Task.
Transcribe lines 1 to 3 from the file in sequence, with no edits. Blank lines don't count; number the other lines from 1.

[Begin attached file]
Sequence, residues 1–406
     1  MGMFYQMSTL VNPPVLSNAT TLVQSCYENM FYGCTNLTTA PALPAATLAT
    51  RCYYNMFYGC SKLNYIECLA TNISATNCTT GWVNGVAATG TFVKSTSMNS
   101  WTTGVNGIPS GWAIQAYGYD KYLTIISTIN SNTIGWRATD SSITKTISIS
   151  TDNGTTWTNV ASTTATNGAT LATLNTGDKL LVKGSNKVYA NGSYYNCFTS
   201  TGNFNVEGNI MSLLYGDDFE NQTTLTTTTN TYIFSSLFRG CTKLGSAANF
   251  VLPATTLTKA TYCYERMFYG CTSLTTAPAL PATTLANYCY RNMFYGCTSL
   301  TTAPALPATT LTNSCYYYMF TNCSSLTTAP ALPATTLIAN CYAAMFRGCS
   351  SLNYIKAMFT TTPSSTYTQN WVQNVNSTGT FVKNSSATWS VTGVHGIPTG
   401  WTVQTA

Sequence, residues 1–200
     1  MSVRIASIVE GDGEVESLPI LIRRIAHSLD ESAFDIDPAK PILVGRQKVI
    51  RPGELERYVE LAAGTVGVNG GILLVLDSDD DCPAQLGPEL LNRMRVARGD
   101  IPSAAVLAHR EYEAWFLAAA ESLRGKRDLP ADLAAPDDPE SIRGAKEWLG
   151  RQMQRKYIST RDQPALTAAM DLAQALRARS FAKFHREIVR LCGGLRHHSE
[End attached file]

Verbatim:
Sequence, residues 1–406
     1  MGMFYQMSTL VNPPVLSNAT TLVQSCYENM FYGCTNLTTA PALPAATLAT
    51  RCYYNMFYGC SKLNYIECLA TNISATNCTT GWVNGVAATG TFVKSTSMNS